Popular opinion and the law

Following the release from prison of people who had figured in highly publicized cases, a morning radio program recently conducted an interesting opinion survey. Listeners were invited to share their views on the question: whether the law did the right thing, or committed an error, in freeing the principal figures in four celebrated cases.  The four cases were those of Senator Antonio Trillanes, Hubert Webb, the “Morong 43,” and retired General Carlos F. Garcia.

Trillanes, in jail for seven years on coup d’etat charges, was released to the custody of the Senate pending his application for amnesty.  Webb, who spent fifteen years in prison, was freed after a divided Supreme Court ruled that his conviction for rape and murder by the lower court rested primarily on the testimony of a star witness who lacked credibility.  The health workers tagged collectively as the “Morong 43,” in custody for ten months on charges of illegal possession of firearms and explosives, were released after President Aquino ordered the withdrawal of criminal charges against them.  And ex-AFP Comptroller General Garcia, detained for six years on charges of plunder, walked free after the Ombudsman authorized a plea bargain that allowed him to post bail on the lesser offenses of bribery and money-laundering.

While I do not assign scientific validity to such radio surveys, I nonetheless find them useful as sources of information on the state of popular reasoning in our society.  I did not keep track of the exact numbers, but I distinctly remember that the callers who responded were almost unanimous in their approval of the release of Trillanes, as well as in their disapproval of the release of Garcia.  But, they were split in their views on Webb and the Morong 43.

Almost all regarded Trillanes as an idealistic military officer who put his promising career at stake in order to fight corruption in the armed forces and in the government itself.  His actions, they said, might have violated the Constitution, but they were justified by the fact that he was fighting a corrupt and unpopular regime.  In contrast, they saw in General Garcia the young officer’s antithesis, a military bureaucrat who abused the powers of his office to enrich himself.  Opinion on the Morong 43 was ambivalent.  Callers thought their offense was so light that they did not deserve to stay even one day in detention.  The fact that they were mostly women who hardly looked like guerillas in training also made it easy to accept the justness of their release.  Still, the impression remained that they had links to the communist underground, and that therefore they were not entirely innocent.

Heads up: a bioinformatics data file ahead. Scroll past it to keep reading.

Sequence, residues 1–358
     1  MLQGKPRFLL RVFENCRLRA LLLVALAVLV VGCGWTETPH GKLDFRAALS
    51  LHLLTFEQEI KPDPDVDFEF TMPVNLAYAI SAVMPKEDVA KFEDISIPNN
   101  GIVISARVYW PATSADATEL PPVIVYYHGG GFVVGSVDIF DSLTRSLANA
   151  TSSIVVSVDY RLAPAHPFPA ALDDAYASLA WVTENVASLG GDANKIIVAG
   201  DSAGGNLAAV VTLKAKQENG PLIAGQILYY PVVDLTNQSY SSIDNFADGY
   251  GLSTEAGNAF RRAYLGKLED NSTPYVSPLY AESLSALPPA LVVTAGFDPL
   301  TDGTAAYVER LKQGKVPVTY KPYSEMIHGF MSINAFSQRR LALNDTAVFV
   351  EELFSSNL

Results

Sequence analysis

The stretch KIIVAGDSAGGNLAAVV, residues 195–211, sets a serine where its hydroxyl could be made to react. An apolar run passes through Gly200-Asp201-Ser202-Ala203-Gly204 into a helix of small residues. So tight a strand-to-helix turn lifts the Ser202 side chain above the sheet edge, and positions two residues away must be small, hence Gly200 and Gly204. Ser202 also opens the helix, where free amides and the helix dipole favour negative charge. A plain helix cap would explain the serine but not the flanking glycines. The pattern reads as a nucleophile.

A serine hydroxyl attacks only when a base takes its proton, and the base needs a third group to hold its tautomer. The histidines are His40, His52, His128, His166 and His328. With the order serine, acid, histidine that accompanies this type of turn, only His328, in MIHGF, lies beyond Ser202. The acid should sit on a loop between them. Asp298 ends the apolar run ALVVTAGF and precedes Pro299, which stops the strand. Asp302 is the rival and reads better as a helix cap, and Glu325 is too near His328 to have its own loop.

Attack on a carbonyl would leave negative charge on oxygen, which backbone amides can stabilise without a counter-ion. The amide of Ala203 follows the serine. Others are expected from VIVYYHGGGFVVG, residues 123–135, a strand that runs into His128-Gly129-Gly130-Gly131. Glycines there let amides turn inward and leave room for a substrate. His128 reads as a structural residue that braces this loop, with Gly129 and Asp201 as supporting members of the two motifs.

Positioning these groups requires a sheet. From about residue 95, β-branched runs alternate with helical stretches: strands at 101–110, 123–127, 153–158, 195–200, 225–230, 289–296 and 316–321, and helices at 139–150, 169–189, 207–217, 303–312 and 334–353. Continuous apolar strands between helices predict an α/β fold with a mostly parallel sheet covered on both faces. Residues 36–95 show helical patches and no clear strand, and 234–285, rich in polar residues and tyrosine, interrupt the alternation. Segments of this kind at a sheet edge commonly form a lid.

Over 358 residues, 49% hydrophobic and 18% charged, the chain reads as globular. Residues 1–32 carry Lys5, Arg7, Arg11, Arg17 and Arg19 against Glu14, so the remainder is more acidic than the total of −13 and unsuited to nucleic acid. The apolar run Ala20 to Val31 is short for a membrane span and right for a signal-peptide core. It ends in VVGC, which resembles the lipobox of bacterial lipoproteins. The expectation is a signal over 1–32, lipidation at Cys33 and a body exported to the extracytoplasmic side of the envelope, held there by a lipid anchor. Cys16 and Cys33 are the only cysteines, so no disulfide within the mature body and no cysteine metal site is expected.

This public ambivalence was however strongest with regard to Hubert Webb’s exoneration.  The fact that a big chunk of Webb’s youth had been taken away from him for a crime that the highest court now says has not been sufficiently proven earned him a lot of sympathy.  But the sad figure of Lauro Vizconde who lost his whole family in that heinous crime makes people hesitate to give Webb the complete benefit of the doubt.  We don’t know how representative of public opinion these views are. But what I have gleaned is that people are generally skeptical towards legal reasoning.  They are especially dismissive of arguments that invoke “technicalities,” completely oblivious of the fact that technicality is at the heart of legal reasoning.

On the ground that they had been denied due process, the President ordered the Morong 43 released.  To some, this seems like splitting hairs over a technicality. In the view of the high court, Jessica Alfaro’s eyewitness testimony against Hubert Webb and his companions fell apart because of its inconsistencies, and after it became known that she was a secret agent of the NBI.  In a sense these too are technicalities.  But they are no less important.

The question is whether the courts would be as ready to recognize their value when popular opinion leans heavily to one side.  Consider the situation in which the Sandiganbayan currently finds itself in the Garcia case.  They have postponed the approval of the plea bargain and the sentencing of General Garcia presumably in order to allow the public outcry over the plea bargain to simmer down. What if the evidence against Garcia is really weak, inadmissible, or non-existent?  Even if gut feel tells us that he committed a crime, the courts can only convict him if there is sufficient evidence to prove the crime.  More than the millions in property and bank accounts, it is the series of acts of accumulation of illegal wealth that needs to be proven.

It is disturbing that just about the only piece of evidence that has so far been cited as proof of Garcia’s plunder is the affidavit that his wife, Mrs. Clarita Garcia, a US citizen, signed when she went to US Customs to claim the undeclared $100,000 that was seized earlier from her sons at the San Francisco airport.  The document reads like a confession of guilt, a straightforward act of self-incrimination.  In a democracy, isn’t one required to have legal counsel before signing a document like this, especially if it was prepared by somebody else?  That is a constitutional right, not a trivial technicality.

Yet public opinion is not unreasonable. It is shocking to see a public official like General Garcia amass wealth that is utterly out of proportion to his income as a soldier. But since he and his family were charged with the crime of conspiracy to commit plunder, and not just graft, the law requires proof that shows more than mere possession of illegally-acquired wealth.  And that burden lies with the Ombudsman.